4. Add in water, bring to boil then cover to simmer until meat is tender and sauce has thickened. This takes about 30-40 minutes.
  5. Taste to adjust seasoning.  Serve with rice.
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I'm submitting this post to Cook Your Books Event #26 [August 2015] hosted by Joyce of Kitchen Flavours

Wednesday, August 26, 2015


Ang Chow [Red Yeast Wine Residue] is used as marinade for the pork fillet in this dish. This is quite similar to Ang Chow Char Siew and the difference is just the method of cooking. The seasoning sauce is only added after the meat is fried, then braised till almost dry.
The meat is tender and tasty served with the sauce.
1 piece meat fillet [about 250 gm] 
2 tbsp red yeast wine residue [Ang Chow]
1 tbsp sesame oil
Seasoning Sauce [combine]
2 tbsp each of light soy sauce and brown sugar
1 tbsp Shaoxing wine
4-5 tbsp water
  1. Marinate meat with red yeast wine residue for several hours or overnight.
  2. Heat a non-stick pan, add sesame oil. Pan fry meat fillet over medium low heat for about 7-10 minutes on each side.
  3. Pour in the sauce, cover to simmer meat for another 15 minutes or until meat is cooked through/tender and sauce reduced or thickened [turning over meat halfway through cooking].
  4. Dish up meat to cool a little before slicing to serve with shredded zucchini and sauce. Sprinkle some toasted sesame seeds over sliced meat.

This post is linked to the event, Little Thumbs Up August 2015 [Brown Sugar and Molasses]  organised by Doreen from My Little Favourite DIY and Zoe, Bake for Happy Kids hosted by Jess of Bakericious

Tuesday, August 25, 2015


This is another Sang Yoke Pau which I made using Agnes Chang’s recipe for the filling. While mixing the ingredients you can smell the fragrance of it. It is also very easy to prepare. Just combine all the ingredients and chill until required. The filling is not pre-cooked before use. I believe this is why the name is Sang Yoke Pau [meaning uncooked meat paus].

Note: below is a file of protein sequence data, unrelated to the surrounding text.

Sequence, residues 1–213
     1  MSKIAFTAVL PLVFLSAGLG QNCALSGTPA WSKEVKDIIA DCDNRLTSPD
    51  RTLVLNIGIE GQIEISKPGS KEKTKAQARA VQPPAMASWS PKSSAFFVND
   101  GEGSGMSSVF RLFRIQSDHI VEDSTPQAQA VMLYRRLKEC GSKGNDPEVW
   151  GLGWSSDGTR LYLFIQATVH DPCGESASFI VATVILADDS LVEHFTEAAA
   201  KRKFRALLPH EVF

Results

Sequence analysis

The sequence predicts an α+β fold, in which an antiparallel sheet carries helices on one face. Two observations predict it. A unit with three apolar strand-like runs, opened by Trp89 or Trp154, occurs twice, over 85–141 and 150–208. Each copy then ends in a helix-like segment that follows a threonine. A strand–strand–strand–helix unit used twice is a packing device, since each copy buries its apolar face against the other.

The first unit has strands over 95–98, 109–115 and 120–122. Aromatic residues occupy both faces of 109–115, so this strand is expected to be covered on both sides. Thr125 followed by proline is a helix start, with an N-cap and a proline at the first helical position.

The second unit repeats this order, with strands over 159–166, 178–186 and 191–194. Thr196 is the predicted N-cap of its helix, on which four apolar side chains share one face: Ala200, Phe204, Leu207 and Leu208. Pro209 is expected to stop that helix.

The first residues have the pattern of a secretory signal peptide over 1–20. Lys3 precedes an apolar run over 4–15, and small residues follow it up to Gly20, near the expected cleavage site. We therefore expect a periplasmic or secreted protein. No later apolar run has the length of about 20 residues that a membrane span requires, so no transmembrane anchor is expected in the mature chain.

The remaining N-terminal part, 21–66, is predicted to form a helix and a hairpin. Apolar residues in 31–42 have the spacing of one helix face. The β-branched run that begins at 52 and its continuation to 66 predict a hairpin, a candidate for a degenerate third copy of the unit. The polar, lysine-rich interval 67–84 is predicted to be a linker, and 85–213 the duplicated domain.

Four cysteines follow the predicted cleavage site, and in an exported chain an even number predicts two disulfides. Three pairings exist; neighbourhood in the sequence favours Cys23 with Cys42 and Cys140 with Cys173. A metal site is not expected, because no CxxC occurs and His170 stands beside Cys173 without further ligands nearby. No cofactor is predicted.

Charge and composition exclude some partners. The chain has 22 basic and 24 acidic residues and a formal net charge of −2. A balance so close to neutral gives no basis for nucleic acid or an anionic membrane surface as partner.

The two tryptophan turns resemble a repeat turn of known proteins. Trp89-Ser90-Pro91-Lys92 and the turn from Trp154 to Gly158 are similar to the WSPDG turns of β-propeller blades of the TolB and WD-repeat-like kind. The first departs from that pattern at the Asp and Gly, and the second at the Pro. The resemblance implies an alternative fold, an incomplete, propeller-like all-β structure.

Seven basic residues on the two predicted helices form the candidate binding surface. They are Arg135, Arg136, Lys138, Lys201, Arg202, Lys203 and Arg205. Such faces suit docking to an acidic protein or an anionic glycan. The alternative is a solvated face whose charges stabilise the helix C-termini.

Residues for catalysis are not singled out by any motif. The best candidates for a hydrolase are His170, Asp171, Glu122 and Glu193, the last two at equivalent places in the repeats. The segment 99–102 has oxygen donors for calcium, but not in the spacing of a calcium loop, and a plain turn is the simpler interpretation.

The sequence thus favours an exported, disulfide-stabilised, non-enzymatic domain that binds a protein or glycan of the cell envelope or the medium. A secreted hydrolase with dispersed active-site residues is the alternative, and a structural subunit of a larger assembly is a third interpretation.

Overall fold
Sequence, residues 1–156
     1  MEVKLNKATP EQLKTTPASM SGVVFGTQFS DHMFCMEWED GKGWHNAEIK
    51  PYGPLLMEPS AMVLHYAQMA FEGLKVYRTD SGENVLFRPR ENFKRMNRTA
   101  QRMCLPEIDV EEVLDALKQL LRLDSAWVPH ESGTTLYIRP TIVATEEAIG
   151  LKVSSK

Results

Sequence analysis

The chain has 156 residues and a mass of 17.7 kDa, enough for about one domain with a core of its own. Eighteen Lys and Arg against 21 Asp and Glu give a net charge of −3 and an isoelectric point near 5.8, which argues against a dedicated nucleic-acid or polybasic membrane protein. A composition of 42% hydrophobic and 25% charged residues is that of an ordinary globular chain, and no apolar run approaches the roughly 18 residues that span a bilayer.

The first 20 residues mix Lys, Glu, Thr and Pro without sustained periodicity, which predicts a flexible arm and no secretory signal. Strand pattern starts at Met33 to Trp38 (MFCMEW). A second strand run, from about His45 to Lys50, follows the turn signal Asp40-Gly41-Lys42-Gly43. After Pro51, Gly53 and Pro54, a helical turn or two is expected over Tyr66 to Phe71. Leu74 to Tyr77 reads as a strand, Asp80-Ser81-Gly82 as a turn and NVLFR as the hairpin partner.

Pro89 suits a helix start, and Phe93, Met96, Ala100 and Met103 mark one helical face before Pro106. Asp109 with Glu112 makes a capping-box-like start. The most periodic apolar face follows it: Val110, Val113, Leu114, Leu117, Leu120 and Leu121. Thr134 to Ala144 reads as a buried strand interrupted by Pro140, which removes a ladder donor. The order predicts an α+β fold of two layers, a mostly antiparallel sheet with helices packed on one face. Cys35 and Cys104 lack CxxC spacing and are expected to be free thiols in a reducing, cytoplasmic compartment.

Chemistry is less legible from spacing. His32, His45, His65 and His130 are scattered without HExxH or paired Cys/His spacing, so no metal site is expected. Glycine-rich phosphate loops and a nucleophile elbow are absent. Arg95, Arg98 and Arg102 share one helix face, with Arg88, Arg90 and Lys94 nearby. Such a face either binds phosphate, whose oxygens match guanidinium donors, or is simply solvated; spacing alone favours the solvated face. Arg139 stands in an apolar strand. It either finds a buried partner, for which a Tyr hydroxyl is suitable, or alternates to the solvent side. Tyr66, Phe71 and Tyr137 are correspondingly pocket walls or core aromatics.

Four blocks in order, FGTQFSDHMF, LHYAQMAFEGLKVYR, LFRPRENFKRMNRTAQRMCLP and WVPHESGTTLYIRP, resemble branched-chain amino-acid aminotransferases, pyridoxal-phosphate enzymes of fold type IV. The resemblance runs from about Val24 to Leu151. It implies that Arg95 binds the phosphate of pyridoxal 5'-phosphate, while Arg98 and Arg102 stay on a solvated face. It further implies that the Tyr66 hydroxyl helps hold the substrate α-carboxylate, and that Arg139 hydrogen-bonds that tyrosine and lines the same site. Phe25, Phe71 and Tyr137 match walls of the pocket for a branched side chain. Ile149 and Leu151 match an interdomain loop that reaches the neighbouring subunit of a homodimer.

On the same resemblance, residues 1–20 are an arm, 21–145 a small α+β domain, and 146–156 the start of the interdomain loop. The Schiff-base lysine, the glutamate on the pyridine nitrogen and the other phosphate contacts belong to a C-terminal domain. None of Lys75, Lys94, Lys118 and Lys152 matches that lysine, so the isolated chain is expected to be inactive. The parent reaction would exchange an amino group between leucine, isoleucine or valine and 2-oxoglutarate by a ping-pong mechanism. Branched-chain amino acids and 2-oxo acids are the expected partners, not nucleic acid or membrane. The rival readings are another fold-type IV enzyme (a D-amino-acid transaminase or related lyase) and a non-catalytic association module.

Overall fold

Anyway, the filling is fragrant and the pau skin is soft, moist and chewy.  Nice.

Recipe adapted from Agnes’s book – Let’s Eat [slightly modified]
Ingredients For Filling
300 gm pork or chicken – coarsely minced [I used 50/50 of both meat]
100 gm water chestnuts or sengkuang [I used sengkuang]
2 shallots – peeled and grated
½ inch ginger – skinned and grated
1 stalk spring onions – diced
3 tbsp water
2 tbsp light soy sauce
1 tsp wine
1 tsp each of sugar and sesame oil
½ tsp of salt and msg
¼ tsp pepper
1 tbsp cornflour
  1. Combine all the ingredients and add in the seasoning. Mix well until it becomes a sticky paste and the water well absorbed. Chill in the fridge for 3-4 hours before using.
  2. For the pau skin, I used the Starter Dough Method recipe from my earlier post because this is a good pau skin recipe.
Ingredients for Pau Skin - starter dough method 
Recipe Source - No Frills Recipes
[makes 20 paus]
2 1/2 tsp instant yeast
120 ml lukewarm water [original uses 100 ml]
130 gm pau flour - sifted
  • Mix ingredients together into a soft and rough dough.  Cover and leave to rest for 15 minutes.
370 gm pau flour - sifted
100 gm caster sugar [original uses 125 gm]
120-130 ml water  [original uses 100-115 ml]
2 tsp double action baking powder [original uses 2 1/8 tsp]
5 tsp shortening
Using a Dough Mixer or Hand Knead
  1. Combine all the ingredients [except shortening] with the yeast dough in a mixing bowl.  Knead until well combined [about 5-10 minutes].  Then add in the shortening, continue to knead until soft, smooth and elastic.   I find the dough texture is quite similar to that of my tortoise buns [Mi Koo].
  2. Shape into a ball and cover to rest for about 30 minutes [original is for 1-1 1/2 hours] or until double in size.   
  3. Punch down dough and remove dough to a floured surface.
  4. Divide into 20 equal portions [about 45-50 gm] and roll into balls.  
  5. Flatten each ball, then roll into flat circle.
  6. Wrap filling with each flatten dough.  Gather the edges and shape into pleated paus or round balls.  Place on parchment or greased proof  paper in the steaming tray.
  7. Leave to prove for 45 minutes from the time you finished shaping the last pau or until double in size.  
  8. Steam over high heat for 10-12 minutes in a steamer.  Off heat and leave paus for a further 2-3 minutes before uncovering and remove to cool on wire rack. 
This post is also linked to the Best Recipes for Everyone August 2015 Event (Theme: Dim Sum) organised by Fion XuanHom's Mum Kitchen Diary) and hosted by May (厨苑食谱 @
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I'm submitting this post to Cook Your Books Event #26 [August 2015] hosted by Joyce of Kitchen Flavours